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Q&A: Baseball Through The Eyes Of Artist Dick Perez

Whether they know it or not, baseball fans have long been familiar with Dick Perez. For more than 20 years he was the official artist of the Baseball Hall of Fame, and continues to paint portraits of every Hall of Fame inductee.

His Perez-Steele postcard set, produced until 2001, are considered to be coveted collectibles in the marketplace. For many years he was the resident artist for Donruss trading cards, during which time his Diamond Kings cards became highly regarded. Since 1972 he has been the official artist of the Philadelphia Phillies.

Perez’ latest effort is a 560-page, full-color volume celebrating his work, the sport and its place in America through the lives of the members of the Baseball Hall of Fame. The Immortals – An Art Collection of Baseball’s Best (available in limited quantities only at http://www.Dickperezimmortals.com) contains not only all of the original art from the Perez-Steele Art Post Cards, but Hall of Famers elected since 2001, presented on its pages in the same style and manner as the classic set.

Also included among the more than 1,400 paintings are non-Hall of Famers, vintage uniforms, ballparks, and equipment. Accompanying text (which includes stats) is by historian William C. Kashatus. The book includes a foreword by art lover and Hall of Famer Tom Seaver.

Big Lead Sports spoke with Perez about the book and the unique way he depicts the sport of baseball.

Big Lead Sports: What was the inspiration for the book?

Dick Perez: I wanted to do something that had never been done before. For a long time I had a desire to visually chronicle the development of baseball, and pay homage to the greatest players of the game through the use of artworks alone. The Baseball Hall of Fame membership spans the history of baseball, but no real good action color photo images of 19th and early 20th century baseball exist to create a reliable visual timeline. Only research and illustration could accomplish that. My long career in painting baseball provided many images for the book, but that was only half the content. A grand complement of new works was necessary to fulfill my goal. There are over 1,400 illustrations in the book made up of portraits, action scenes, stadium and field landscapes, and genre scenes. These images provide a look at the evolution of uniforms, equipment and stadia.

BLS: Do you have a favorite piece in the book?

DP: There is really not one piece that would stand out as my favorite. I guess that’s a good thing, since it means that I was successful in creating many pieces that reached, and sometimes exceeded, the standard I set out to attain. Among those are the narrative pieces (as opposed to the portrait works) that I hope inform viewers of the game. There is much visual content in a baseball scene, the green and gold fields, the skies, the grandstands, ancient billboards, and of course, the ballet and movement of the athletes. Many of these narrative pieces do not exist as a single photograph; they are made up of a series of photos, and my imagination, making the image more of a personal creation, and something that has never been seen before.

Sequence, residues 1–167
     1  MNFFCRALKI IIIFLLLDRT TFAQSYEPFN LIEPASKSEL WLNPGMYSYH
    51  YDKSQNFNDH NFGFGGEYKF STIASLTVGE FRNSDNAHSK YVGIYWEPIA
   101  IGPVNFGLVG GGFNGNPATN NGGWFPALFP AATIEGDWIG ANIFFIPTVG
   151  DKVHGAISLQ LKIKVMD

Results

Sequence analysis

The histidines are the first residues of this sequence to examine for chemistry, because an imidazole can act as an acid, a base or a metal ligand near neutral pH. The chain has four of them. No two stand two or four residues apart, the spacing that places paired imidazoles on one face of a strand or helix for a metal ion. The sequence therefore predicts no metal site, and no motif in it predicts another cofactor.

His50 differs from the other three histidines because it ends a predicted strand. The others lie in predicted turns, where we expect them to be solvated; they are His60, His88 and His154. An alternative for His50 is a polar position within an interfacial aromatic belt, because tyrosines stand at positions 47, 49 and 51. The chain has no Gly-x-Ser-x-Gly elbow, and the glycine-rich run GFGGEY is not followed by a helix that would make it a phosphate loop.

BLS: Why does baseball lend itself to literature and artwork more than perhaps any other sport?

DP: Again, it is an activity with an abundant visual content. The history of the game is loaded with stories of characters that inspired, became legends, or were out and out rascals. Baseball is the oldest among the popular American sports, thus it is endowed with a bigger history and longer popularity. Baseball came at a time when America was establishing its own identity in the visual and literary arts. As I mention in my book, up to the mid-nineteenth century American artists were greatly influenced by European art; landscape romanticism, classical realism and impressionism were all part of the old world; it was time to convey our own national identity with American subjects and pastimes. Baseball is about youth and dreams, fame and success, hard work and devotion. What better subject for the new American art and literature?

BLS: How does this book compare to other projects that you have worked on?

DP: It is the biggest project I have ever worked on. The book was three and a half years in the making, so it was the longest running, day in and day out venture I have ever undertaken. It required the most amount of research. And, it is a retrospective that features most of my life’s work, including over 300 new paintings. But most important it has been the most satisfying.

BLS: What has been the most amazing surprise from fans or former players captured in the book?

DP: During my career I often wondered whether the interest in my work was due to the subject matter, or my ability as a painter. The response to the book through the many emails, letters and critiques indicate that there is a measure of appreciation for what I try to accomplish as a painter. I can’t say I am surprised by this, I have always felt that there is a bevy of baseball enthusiasts who appreciate art for art’s sake, and recognize that there is nothing quite like a painting. I have a great amount of respect for photography. Great photographs can evoke emotional responses, but a photograph can’t replace the visual experience generated by the tactual effects of layered paint, the personal color choices of the artist, and the bravura of good brushwork.

 

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